Tired of JavaFX Scene Builder being run in a separate process? Fed up with no real integration between your favorite IDE and JavaFX Scene Builder? There may be a solution heading towards you. Follow this small series of blog entries to join me on my journey towards an embedded JavaFX Scene Builder in NetBeans.  Welcome back (you did read the first two parts of this series?)!  Ok, having done a bit of magic to Scene Builder 2.0 ea in the first two part of this series, let's go for some more integration. Goal of this part is to get the inspector view, the css panel and the library panel from Scene Builder integrated - looking like this
To achieve this we create a new TopComponent for each panel to show. The major thing is trying to get a reference to the EditorController via the selected Node. The following example code registers a listener so that lookup changes will be propagated to our TopComponent.     @Override     public void componentOpened() {         nodeResult = Utilities.actionsGlobalContext().lookupResult(Node.class);         LookupListener nodeLkpL = (event) -> {             final Optional<? extends Node> optionalNode = nodeResult.allInstances().stream().findFirst();             if (optionalNode.isPresent()) {                 editorControllerResult = optionalNode.get().getLookup().lookupResult(EditorController.class);                 resultChanged(new LookupEvent(editorControllerResult));             }         };         nodeResult.addLookupListener(nodeLkpL);         nodeLkpL.resultChanged(new LookupEvent(nodeResult));     } Now that we are aware of changing EditorControllers - what to do with the EditorController retrieved from the lookup? We use is to create our own special panel via e.g. the LibraryController and add it to the TopComponent. If there is no EditorController anymore, only a message is shown, that there is actually no Scene Builder content availble to which this TopComponent can attach to.     @Override     public void resultChanged(LookupEvent le) {             final Optional optionalController = editorControllerResult.allInstances().stream().findFirst();         if (optionalController.isPresent()) {             Platform.runLater(() -> {                 LibraryPanelController h = new LibraryPanelController(optionalController.get());                 final BorderPane pane = new BorderPane();                 pane.setCenter(h.getPanelRoot());                 Scene scene = new Scene(pane);                 jfxPanel.setScene(scene);             });         } else {             Platform.runLater(() -> {                 Label label = new Label ("No Scene Builder Content");                 BorderPane borderPane = new BorderPane();                 borderPane.setCenter(label);                 Scene scene = new Scene(borderPane);                 jfxPanel.setScene(scene);             });         }     } All panels we want to show can be implemented using this strategy.  All of them follow the pattern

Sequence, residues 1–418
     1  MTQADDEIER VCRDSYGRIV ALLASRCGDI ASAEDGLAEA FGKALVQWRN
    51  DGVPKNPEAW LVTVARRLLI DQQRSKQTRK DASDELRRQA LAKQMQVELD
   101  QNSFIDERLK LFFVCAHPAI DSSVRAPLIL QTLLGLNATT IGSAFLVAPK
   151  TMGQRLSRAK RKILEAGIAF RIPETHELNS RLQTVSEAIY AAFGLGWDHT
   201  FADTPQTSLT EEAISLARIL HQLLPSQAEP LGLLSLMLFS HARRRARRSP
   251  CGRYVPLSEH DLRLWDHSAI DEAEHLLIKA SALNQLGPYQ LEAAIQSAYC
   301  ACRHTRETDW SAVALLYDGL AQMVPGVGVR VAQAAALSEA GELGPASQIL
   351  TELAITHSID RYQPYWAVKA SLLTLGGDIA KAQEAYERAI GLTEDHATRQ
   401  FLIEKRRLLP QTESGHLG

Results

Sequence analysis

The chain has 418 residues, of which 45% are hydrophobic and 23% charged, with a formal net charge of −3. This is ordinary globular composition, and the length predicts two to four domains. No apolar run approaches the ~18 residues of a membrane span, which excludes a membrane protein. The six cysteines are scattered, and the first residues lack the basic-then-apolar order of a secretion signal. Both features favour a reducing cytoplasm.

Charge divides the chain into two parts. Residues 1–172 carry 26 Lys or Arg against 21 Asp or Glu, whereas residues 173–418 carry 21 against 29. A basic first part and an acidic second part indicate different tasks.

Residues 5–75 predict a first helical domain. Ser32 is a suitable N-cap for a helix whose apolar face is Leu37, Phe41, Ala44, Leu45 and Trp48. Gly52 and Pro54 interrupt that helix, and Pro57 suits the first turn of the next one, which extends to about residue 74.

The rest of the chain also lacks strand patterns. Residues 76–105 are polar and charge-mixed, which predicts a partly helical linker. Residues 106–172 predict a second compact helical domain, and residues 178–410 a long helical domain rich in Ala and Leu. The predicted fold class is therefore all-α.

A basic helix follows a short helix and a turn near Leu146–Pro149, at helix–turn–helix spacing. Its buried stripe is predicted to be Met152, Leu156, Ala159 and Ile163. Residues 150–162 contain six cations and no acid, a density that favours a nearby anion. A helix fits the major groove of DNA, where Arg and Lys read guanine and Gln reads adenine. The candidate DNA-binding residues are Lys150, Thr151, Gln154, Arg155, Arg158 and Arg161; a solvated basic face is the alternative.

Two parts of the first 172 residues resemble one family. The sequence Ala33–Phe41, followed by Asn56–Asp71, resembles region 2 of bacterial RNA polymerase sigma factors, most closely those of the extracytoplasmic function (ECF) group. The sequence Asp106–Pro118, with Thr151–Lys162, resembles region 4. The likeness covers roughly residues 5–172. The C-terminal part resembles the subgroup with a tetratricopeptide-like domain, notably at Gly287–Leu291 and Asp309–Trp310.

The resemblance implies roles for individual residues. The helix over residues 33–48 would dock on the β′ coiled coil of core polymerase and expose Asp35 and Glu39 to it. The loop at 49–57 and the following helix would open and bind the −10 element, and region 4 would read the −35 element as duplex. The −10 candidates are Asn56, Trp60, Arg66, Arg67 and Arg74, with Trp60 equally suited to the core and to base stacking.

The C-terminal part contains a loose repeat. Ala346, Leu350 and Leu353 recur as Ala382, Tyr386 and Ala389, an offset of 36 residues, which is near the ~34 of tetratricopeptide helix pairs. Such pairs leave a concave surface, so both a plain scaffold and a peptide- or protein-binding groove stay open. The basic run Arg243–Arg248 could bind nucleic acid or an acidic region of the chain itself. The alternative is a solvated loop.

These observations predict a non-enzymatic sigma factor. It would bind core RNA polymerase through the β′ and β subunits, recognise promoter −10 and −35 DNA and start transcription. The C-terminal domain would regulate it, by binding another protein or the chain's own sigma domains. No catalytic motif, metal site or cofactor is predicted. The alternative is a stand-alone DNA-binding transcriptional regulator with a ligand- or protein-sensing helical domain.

• create the according controller
  • call controller.getRootPanel()
  • add the pane to a layout pane
  • add the layout pane as root to the scene
I am sure the code can be improved - just let me know and create a pull request ;-)  Now you ask - can I download this magic plugin somewhere? The answer is simple: Get it from the NetBeans Plugin Portal by downloading it from here or install it via your Plugin Manager from inside NetBeans.  What you will need in addition to the plugin is a fairly recent (latest) JDK8_u20 ea build. There are some issues with DnD and JavaFX-Swing-Integration which have been fixed in latest builds.  Stay tuned for the next part of this series, showing how to get change detection and undo/redo support integrated.